Therefore, ensuring the microbial safety of poultry meat products is an important issue in this context of increasing consumption and production. In fact, during and after slaughtering, the bacteria from animal microbiota, the slaughterhouse environment, and the equipment used contaminate carcasses, their subsequent cuts, and processed meat products. Some of these bacterial contaminants can grow or survive during food processing and storage. The resulting bacterial communities present in poultry meat can include pathogenic species such as Salmonella and Campylobacter, the two main pathogens responsible for human gastroenteritis due to poultry meat consumption [8]. Since 2005, Campylobacter has been the most commonly reported gastrointestinal bacterial pathogen in humans in the EU, where the numbers of reported confirmed cases in 2015 were 229,213 for human campylobacteriosis and 94,625 for human salmonellosis [8]. Poultry consumption has also been shown to be the first cause of foodborne outbreaks in the USA between 1998 and 2012 [9]. Other emerging pathogens, such as Aeromonas sp., may also be considered [10]. In addition to foodborne pathogens, bacteria responsible for spoilage may lead to large economic losses. Their growth and metabolic activity during shelf life leading to color, odor, taste, or texture defects are responsible for waste and losses of food products and have therefore an important impact on the economy of the poultry meat production sector.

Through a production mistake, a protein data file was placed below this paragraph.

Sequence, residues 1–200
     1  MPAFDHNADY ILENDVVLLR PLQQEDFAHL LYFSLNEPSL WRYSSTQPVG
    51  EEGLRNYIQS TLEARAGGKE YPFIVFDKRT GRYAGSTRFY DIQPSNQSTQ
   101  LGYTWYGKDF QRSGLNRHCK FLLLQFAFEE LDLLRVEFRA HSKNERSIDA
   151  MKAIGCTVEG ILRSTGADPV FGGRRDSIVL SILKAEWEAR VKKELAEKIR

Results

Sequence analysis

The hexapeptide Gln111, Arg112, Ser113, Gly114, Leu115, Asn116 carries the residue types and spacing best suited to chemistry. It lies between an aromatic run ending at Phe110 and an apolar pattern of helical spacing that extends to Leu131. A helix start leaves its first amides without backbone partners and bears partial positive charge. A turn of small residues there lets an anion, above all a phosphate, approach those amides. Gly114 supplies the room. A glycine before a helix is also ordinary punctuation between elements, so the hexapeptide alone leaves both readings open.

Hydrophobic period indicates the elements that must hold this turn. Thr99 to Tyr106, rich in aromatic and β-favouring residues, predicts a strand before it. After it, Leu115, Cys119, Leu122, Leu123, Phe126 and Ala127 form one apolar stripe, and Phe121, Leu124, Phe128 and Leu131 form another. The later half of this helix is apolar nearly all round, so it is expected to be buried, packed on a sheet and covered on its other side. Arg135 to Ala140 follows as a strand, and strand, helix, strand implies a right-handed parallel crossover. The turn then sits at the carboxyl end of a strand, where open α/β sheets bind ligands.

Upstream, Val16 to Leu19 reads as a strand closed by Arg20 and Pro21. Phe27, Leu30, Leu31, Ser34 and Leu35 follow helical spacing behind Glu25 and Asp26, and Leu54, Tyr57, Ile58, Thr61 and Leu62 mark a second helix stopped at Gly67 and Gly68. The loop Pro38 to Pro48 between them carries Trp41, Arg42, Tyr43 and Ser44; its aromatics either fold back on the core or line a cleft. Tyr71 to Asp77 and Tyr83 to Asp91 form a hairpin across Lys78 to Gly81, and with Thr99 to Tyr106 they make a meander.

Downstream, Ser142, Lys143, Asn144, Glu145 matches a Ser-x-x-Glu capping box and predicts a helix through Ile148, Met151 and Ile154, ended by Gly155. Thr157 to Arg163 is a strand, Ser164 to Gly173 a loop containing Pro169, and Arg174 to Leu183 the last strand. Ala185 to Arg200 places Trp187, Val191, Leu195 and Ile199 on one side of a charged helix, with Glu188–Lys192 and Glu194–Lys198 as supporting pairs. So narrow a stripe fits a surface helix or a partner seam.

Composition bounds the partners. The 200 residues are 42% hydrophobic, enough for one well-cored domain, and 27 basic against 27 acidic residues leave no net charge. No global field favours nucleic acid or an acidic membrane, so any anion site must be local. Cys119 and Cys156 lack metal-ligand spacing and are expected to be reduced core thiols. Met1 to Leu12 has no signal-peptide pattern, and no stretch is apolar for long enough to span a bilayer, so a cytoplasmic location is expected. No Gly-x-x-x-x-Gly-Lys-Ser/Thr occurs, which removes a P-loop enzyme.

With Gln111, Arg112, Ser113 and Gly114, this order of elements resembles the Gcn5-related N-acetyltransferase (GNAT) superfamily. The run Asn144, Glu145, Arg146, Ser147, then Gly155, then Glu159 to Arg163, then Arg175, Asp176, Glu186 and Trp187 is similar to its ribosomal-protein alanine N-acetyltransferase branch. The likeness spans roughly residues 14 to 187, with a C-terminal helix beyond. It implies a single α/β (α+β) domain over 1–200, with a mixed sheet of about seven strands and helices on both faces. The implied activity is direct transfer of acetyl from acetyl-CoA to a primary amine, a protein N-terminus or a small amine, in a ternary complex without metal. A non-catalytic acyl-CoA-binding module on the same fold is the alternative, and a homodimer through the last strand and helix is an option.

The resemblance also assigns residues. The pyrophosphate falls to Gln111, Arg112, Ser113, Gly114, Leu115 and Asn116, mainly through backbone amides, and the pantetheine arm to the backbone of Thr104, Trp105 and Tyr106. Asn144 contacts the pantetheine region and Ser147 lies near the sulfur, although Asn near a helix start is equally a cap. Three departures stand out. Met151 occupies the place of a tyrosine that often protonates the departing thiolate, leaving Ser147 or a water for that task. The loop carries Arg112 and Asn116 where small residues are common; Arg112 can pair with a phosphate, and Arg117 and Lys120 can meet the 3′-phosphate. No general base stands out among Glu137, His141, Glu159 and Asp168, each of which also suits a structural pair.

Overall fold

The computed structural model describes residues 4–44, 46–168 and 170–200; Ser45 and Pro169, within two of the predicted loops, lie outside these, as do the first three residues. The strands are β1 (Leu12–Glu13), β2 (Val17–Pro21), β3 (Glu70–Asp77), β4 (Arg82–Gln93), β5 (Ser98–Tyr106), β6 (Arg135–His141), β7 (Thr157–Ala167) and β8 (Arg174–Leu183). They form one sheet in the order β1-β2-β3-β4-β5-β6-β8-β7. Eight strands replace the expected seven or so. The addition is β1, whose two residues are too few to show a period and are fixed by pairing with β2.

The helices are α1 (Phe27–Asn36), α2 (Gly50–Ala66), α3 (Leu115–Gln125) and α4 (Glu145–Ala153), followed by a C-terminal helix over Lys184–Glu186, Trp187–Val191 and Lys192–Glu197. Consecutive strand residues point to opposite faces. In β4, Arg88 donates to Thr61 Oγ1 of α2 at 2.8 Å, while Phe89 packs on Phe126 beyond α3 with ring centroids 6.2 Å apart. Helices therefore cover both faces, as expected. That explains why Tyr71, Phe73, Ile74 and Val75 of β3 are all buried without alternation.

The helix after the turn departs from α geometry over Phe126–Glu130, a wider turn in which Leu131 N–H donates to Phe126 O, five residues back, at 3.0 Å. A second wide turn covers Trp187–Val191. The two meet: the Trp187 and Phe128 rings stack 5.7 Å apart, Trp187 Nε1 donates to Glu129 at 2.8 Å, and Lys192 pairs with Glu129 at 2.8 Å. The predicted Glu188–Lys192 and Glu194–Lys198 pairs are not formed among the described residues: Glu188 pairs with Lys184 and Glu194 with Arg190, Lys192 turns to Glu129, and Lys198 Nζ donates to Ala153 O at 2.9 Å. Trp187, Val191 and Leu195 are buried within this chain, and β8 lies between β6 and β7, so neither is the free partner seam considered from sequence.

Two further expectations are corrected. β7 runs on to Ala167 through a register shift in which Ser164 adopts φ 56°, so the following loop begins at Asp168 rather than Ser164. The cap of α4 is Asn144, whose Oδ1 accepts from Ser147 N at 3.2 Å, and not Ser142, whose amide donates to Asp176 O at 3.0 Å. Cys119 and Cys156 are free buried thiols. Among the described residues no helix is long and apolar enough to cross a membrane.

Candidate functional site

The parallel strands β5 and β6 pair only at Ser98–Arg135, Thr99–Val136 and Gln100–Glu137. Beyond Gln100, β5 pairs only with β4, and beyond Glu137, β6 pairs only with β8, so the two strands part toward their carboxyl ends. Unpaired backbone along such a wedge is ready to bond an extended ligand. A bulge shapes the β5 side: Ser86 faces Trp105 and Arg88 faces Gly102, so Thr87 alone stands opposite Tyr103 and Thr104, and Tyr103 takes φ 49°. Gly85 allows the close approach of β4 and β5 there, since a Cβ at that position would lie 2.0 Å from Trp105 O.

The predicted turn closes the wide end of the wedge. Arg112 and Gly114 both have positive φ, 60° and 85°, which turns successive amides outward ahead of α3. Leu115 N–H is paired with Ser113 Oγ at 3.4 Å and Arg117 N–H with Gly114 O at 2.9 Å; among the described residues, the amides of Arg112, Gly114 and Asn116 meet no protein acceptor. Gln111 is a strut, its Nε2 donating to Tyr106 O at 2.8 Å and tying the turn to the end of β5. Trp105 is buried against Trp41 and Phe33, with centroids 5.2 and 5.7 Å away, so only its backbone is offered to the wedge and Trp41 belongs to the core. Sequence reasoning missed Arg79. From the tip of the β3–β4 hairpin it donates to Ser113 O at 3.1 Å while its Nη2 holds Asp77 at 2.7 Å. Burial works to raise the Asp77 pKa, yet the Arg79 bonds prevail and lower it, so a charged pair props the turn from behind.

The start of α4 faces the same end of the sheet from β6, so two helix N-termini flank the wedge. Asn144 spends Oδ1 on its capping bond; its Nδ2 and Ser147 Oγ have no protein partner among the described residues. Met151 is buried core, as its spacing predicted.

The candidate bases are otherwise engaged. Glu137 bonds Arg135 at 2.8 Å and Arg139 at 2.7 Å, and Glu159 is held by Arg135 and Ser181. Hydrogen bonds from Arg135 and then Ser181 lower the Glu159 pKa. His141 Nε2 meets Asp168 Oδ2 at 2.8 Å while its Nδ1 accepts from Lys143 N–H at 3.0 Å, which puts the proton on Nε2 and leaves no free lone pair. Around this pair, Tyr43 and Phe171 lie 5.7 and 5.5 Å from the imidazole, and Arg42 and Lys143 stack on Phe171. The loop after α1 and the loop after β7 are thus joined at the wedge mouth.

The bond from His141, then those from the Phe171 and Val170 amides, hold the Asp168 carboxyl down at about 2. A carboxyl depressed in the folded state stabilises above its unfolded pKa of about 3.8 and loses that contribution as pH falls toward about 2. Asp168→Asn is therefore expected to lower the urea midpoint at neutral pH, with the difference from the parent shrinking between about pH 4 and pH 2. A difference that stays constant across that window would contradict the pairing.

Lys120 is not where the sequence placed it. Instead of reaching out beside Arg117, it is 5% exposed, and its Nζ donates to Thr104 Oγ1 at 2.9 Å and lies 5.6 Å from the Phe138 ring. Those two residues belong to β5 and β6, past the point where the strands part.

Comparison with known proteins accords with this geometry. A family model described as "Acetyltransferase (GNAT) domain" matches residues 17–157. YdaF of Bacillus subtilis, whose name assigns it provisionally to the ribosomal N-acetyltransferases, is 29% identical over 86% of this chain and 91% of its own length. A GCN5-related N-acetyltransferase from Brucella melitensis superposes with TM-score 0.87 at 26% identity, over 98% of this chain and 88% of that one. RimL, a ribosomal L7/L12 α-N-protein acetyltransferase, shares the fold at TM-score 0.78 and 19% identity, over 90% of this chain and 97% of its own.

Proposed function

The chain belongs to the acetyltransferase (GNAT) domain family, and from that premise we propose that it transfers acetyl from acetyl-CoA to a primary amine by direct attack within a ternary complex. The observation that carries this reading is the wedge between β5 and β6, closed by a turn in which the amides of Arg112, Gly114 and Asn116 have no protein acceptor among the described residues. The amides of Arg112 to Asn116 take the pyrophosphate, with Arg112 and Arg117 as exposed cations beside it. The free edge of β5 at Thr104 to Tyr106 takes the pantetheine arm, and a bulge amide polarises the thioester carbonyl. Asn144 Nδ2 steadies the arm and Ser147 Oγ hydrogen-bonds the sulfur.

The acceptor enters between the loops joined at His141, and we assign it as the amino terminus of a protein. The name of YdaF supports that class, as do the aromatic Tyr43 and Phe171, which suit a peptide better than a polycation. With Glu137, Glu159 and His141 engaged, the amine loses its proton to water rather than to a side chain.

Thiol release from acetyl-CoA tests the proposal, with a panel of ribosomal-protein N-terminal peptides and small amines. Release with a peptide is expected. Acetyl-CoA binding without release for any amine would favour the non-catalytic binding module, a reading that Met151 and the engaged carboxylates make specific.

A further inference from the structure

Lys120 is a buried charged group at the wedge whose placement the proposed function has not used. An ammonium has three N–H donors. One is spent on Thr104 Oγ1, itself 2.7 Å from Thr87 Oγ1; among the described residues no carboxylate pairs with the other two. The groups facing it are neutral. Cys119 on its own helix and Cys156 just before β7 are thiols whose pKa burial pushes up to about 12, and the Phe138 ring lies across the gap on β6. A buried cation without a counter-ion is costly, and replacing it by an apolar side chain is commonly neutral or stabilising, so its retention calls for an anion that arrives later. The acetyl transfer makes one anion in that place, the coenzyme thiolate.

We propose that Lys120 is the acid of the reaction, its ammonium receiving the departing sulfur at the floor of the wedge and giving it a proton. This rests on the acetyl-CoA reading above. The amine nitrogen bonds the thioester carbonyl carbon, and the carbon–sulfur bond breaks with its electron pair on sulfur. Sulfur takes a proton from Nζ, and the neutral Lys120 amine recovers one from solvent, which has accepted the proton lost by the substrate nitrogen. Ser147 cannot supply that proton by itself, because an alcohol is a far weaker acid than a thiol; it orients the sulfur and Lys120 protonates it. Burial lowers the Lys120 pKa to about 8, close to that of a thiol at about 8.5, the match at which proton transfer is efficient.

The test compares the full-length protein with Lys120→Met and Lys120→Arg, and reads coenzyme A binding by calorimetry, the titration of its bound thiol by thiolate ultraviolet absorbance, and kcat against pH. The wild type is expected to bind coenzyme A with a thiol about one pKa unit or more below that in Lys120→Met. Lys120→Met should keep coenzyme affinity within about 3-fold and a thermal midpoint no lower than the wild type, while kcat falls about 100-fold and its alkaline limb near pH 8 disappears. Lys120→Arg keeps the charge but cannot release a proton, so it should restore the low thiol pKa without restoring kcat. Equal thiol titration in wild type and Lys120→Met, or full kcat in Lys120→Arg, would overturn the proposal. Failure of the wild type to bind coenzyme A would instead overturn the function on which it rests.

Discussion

Most of the literature dealing with the microbial contamination of poultry meat is dedicated to detecting the presence of pathogens (mainly Salmonella and Campylobacter) and sometimes to studying their behavior under different decontamination, transformation, or storage conditions. Poultry meat contamination by spoilage bacteria has been less studied and is often limited to their enumeration by counting CFUs (colony forming units) on different, more or less specific, media. Challenge tests, based on the inoculation of individual strains or strain cocktails on meat cuts, have been used to investigate the growth ability of bacteria under various treatments. In contrast, only a few studies have recently used high throughput sequencing technologies to describe poultry meat contaminants, leading to their description at species level [6,7,11,12,13].